In This Episode…
In this episode I explore how Microsoft Japan got more out of their workforce by giving them an extra day off a week. I look at the implications of this in the context of improving your personal productivity.
Episode Show Notes…
00:35 – I was listening to the Steve Lamaq show on BBC Radio 6 when I heard him cover a story about Microsoft in Japan increasing productivity.
01:29 – The Lamaq show has this interesting feature where viewers suggest a new “National Anthem” to reflect a news story of the day.
01:59 – The story explained how Microsoft in Japan had increased sales results by 40% over a four week period in the summer. They had done this by giving their workforce every Friday off (with full pay).
NOTE – The story was reported on the BBC website under the title “Microsoft four Day Week Boosts Productivity“.
02:52 – Workers were told to reduce meetings to 30 minutes and where possible use online chat facilities.
03:09 – As well as increasing sales performance by 40%, electricity usage was reduced by 23%, paper printing was down 59% and the initiative was popular with 92% of staff.
03:51 – My research on this topic yielded another BBC New item about how the Labour Party in the UK did not feel a four day week was economically viable.
04:06 – However a London based company called Synergy Vision have introduced a four day work week for their employees after a 6 month trial.
04:32 – Why did Synergy Vision do this? Well their CEO said “Our staff wanted to make it work because they wanted to have the extra day off“.
04:55 – There are a number of reasons why I think reducing to a four day work week produces improvements in productivity.
05:08 – Firstly, the existing levels of productivity are so low, it is quite easy to make improvements. VoucherCloud.com did a study and identified that out of an 8 hour working day 1,989 UK office workers were productive for an average of just 2 hours and 53 minutes.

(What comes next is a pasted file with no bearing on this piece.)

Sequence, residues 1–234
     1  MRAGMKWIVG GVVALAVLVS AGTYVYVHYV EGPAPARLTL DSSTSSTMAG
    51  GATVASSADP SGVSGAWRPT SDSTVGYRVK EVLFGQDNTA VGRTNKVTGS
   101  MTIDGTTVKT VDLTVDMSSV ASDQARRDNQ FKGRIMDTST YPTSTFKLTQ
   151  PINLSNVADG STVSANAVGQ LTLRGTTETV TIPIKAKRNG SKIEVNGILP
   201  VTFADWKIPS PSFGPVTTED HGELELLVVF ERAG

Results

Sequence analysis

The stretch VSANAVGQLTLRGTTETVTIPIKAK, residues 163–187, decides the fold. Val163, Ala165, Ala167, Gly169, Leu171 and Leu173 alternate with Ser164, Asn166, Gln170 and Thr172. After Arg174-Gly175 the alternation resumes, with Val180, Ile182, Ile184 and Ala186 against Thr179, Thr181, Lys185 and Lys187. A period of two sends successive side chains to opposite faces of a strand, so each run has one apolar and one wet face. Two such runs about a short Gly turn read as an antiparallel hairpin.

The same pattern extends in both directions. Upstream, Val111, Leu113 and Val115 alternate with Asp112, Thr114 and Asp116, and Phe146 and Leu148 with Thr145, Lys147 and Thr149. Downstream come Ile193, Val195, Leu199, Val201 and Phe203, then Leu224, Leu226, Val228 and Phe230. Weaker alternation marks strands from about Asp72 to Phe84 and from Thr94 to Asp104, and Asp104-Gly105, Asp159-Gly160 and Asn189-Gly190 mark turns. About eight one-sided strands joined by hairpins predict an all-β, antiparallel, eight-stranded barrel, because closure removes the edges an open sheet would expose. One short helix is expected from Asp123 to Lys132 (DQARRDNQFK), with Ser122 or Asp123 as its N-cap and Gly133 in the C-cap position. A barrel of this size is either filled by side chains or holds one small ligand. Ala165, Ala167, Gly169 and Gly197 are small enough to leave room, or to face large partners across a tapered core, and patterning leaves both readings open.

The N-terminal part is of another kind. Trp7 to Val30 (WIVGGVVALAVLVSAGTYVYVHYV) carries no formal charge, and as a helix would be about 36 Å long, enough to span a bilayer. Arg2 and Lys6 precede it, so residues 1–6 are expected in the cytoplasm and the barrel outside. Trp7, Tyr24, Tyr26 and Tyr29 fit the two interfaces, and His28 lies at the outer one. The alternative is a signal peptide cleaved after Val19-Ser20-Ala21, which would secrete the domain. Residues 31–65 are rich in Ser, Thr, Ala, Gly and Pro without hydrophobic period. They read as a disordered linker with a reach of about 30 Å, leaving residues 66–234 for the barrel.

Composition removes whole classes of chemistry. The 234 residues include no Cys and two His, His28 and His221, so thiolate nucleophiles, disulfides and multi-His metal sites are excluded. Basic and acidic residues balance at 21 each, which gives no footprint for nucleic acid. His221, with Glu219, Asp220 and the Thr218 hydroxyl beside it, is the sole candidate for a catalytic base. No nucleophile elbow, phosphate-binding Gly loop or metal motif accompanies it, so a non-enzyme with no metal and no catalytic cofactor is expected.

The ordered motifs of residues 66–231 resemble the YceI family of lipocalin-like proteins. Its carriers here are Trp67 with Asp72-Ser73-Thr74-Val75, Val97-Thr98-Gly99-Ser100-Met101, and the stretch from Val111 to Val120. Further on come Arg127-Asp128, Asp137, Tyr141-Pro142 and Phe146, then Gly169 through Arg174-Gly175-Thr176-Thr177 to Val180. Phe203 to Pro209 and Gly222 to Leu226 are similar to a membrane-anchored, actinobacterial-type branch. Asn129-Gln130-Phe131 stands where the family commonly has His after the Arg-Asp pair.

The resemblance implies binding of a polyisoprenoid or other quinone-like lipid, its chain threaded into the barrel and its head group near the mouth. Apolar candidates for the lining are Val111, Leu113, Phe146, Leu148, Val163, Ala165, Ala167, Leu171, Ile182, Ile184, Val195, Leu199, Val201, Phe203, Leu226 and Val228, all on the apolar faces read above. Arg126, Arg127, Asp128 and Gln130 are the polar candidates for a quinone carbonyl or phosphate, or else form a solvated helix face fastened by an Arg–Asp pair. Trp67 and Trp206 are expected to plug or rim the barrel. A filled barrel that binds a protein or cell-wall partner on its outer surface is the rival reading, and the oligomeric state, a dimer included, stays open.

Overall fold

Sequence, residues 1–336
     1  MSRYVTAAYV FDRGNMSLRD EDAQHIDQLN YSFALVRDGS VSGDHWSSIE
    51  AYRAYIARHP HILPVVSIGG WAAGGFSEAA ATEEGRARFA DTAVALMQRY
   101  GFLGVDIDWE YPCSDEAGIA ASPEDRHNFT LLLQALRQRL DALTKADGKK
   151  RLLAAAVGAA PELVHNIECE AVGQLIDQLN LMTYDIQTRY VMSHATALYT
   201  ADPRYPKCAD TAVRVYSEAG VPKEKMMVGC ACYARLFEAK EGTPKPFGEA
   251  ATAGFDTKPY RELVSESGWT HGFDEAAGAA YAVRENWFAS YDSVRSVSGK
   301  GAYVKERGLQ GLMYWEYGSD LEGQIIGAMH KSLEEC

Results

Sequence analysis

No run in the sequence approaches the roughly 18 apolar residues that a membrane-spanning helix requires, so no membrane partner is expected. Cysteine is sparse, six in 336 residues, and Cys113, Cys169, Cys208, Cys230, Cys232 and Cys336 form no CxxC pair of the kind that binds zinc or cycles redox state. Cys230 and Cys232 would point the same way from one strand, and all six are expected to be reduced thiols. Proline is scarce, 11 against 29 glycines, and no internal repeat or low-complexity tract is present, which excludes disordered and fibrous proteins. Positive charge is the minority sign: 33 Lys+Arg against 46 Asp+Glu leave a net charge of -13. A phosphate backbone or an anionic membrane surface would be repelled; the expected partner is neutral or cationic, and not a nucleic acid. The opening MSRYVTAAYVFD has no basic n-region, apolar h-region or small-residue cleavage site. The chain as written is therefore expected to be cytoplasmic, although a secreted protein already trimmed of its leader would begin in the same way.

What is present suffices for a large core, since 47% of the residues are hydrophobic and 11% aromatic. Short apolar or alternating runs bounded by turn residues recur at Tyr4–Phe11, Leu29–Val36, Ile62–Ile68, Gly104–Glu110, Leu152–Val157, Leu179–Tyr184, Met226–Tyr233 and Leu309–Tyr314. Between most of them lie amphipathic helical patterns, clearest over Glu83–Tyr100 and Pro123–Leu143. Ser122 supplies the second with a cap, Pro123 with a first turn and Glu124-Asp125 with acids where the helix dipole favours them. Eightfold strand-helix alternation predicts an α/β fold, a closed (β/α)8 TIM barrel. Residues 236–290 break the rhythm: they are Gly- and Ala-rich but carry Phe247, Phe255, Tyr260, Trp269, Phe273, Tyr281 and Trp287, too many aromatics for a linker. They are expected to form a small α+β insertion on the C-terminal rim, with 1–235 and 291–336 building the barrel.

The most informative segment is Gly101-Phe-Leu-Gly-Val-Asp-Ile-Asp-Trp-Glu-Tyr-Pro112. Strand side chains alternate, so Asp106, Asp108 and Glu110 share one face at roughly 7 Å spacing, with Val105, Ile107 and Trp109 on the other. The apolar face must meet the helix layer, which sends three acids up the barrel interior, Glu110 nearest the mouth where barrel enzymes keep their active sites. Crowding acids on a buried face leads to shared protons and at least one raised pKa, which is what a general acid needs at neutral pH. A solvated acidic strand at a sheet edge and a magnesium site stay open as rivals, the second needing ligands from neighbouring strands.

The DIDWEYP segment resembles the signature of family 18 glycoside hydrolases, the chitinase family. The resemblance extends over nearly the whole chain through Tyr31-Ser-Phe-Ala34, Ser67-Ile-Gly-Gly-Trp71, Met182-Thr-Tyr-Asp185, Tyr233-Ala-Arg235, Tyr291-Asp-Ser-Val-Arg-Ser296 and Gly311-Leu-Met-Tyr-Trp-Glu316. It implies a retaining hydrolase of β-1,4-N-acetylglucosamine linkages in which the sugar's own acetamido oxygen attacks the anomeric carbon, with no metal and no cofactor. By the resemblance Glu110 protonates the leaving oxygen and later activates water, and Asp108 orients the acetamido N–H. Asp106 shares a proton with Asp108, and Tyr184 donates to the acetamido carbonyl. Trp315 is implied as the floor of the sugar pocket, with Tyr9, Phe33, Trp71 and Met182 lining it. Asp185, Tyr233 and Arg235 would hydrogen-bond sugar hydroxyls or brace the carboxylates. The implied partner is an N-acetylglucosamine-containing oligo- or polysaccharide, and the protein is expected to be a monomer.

06:29 – If you reduce the working week to four days a week then all a worker has to do to compensate for working one day less is find 42 minutes of productivity in each of the four days left working. Not hard if they are only productive for 2 hours and 53 minutes.
06:59 – It is easy to see why reducing the time and maintaining productivity works. It is like the last day at work before taking a much needed vacation. A lot more gets done the day before a holiday.
08:19 – I believe any gains in productivity by doing this would be short term because eventually a four day week would become the norm and people would regress back to the 2 hours and 53 minutes a day of productivity.
09:23 – There are lessons to be learned here despite my cynicism. For example as an individual, you can artificially create the urgency that increases productivity by setting yourself deadlines.
10:03 – You also have control over over your choice of what to focus on at any given moment.
10:31 – There is also the principle of taking more breaks to keep yourself fresh and able to bring more of yourself to your tasks. The law of diminishing returns illustrates perfectly the importance of staying fresh.